It would take me many pages to enumerate the patient safety initiatives that we have introduced but here are just a few:
Our MH hotline provides immediate, directed, patient /provider specific advice regarding MH or MH-like syndromes without charge. Our volunteer hotline consultants handle about 400 patient related calls each year although many other calls are handled by other hotline professionals. Although we sponsor a meeting of our consultants each year for an hour or two, the issues that we deal with are often too complex to handle in a short time. Hence in May of this year we will gather our hotline consultants and professional advisory council members for a whole day meeting to address a variety of issues, such as:
What advice should be given to MH-susceptibles concerning heat exposure and exercise? Which patients should be advised to undergo biopsy testing and which genetic testing? How should new anesthesia machines be prepared to insure that MH susceptibles are not exposed to “trigger” agents? Can MH patients have outpatient surgery without problem?
For many years, we have recommended that all facilities that perform surgery using MH trigger drugs have a full supply of dantrolene sodium for injection and perform annual drills to be prepared for MH. We therefore developed a video and a kit to specifically guide facilities in preparation for and conduct of a drill. The drill kit and video has been enormously successful.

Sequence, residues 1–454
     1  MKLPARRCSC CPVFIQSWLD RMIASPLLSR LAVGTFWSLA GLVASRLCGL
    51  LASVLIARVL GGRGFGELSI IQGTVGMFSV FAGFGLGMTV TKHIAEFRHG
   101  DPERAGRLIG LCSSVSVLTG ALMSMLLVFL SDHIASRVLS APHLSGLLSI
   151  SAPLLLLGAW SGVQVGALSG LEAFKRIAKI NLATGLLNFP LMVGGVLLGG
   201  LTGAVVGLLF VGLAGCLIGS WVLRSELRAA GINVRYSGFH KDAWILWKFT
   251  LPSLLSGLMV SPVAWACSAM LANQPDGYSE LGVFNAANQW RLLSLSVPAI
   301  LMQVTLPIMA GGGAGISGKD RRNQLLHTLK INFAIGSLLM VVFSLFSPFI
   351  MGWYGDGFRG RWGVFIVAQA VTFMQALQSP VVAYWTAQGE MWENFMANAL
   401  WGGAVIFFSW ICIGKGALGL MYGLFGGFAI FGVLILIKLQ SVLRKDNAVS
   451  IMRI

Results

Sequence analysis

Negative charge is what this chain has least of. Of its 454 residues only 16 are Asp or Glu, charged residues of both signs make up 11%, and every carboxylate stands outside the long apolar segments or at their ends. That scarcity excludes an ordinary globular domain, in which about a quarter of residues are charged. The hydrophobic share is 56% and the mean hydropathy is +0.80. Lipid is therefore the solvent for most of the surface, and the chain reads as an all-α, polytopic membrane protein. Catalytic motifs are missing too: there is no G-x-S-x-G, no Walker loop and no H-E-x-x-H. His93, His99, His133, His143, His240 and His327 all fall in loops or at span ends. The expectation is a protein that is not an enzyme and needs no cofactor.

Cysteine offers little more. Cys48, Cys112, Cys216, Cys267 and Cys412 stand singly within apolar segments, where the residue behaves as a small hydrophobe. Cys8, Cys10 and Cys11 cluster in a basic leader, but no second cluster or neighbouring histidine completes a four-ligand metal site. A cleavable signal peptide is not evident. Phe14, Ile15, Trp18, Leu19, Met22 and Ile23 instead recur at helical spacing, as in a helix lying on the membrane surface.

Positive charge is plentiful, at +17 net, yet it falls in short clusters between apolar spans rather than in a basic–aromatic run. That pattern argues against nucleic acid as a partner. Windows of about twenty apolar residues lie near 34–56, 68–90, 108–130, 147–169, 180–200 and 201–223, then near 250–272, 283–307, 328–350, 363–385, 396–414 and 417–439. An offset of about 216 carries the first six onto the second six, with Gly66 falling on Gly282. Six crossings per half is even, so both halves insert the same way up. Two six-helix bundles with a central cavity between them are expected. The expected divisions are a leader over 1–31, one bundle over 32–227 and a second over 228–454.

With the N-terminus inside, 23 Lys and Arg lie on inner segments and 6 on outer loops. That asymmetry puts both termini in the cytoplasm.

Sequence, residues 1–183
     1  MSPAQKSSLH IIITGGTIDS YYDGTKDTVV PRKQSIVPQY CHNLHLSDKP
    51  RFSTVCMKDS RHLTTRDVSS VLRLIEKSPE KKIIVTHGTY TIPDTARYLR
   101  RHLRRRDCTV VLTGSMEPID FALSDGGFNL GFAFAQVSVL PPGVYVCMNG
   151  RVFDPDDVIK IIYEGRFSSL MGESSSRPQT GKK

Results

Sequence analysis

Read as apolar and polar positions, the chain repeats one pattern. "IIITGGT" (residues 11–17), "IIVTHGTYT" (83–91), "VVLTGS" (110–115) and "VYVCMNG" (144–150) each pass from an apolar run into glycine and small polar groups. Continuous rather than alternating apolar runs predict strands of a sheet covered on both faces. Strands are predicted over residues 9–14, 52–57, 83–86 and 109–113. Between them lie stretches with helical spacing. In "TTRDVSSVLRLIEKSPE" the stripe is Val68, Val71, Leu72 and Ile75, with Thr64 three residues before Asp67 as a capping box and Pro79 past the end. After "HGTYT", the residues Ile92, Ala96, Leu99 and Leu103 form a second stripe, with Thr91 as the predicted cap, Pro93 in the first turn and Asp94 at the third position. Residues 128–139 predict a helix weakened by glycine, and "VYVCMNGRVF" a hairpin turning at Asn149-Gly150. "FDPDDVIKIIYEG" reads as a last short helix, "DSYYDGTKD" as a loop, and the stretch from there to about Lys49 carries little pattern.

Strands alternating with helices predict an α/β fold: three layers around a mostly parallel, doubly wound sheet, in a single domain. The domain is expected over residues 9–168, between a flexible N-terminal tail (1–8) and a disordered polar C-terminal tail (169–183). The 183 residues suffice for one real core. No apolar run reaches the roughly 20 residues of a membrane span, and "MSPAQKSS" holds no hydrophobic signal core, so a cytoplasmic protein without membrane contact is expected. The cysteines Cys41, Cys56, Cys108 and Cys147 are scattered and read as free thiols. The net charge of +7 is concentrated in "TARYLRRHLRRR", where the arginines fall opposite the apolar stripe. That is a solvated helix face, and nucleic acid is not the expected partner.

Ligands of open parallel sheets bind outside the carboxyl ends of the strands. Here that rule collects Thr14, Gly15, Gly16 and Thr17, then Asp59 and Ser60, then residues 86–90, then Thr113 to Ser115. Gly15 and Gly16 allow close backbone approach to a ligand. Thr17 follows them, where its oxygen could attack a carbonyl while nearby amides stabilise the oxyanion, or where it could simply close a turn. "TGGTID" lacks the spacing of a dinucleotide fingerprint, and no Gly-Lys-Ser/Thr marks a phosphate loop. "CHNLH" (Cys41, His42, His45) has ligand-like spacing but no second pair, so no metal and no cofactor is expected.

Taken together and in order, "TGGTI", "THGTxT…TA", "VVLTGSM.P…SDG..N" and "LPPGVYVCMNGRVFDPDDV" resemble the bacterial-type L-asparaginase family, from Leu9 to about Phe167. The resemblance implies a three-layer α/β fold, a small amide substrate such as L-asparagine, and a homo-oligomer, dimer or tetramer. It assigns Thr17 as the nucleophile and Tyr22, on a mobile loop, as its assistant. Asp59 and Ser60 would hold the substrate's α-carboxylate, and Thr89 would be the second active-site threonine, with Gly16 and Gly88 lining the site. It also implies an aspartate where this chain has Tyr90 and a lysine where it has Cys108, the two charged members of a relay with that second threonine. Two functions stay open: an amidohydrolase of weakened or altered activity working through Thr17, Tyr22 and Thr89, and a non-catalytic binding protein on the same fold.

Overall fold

We also learned to our great satisfaction that agencies that survey and accredit hospitals and outpatient surgery centers specifically inquire as to whether the facility stocks a full supply of dantrolene sodium for injection and that it is available within minutes. Some even ask if annual MH drills are carried out. Not everyone necessarily agrees with this recommendation, but in the absence of data to show that lesser amounts of dantrolene would be as effective as the full supply, we support the stand of the accrediting agencies. Imagine that; a small patient advocacy/patient safety organization has influenced the policies of major accrediting agencies. We could not have done it without the assistance of our members, volunteers and our many supporters.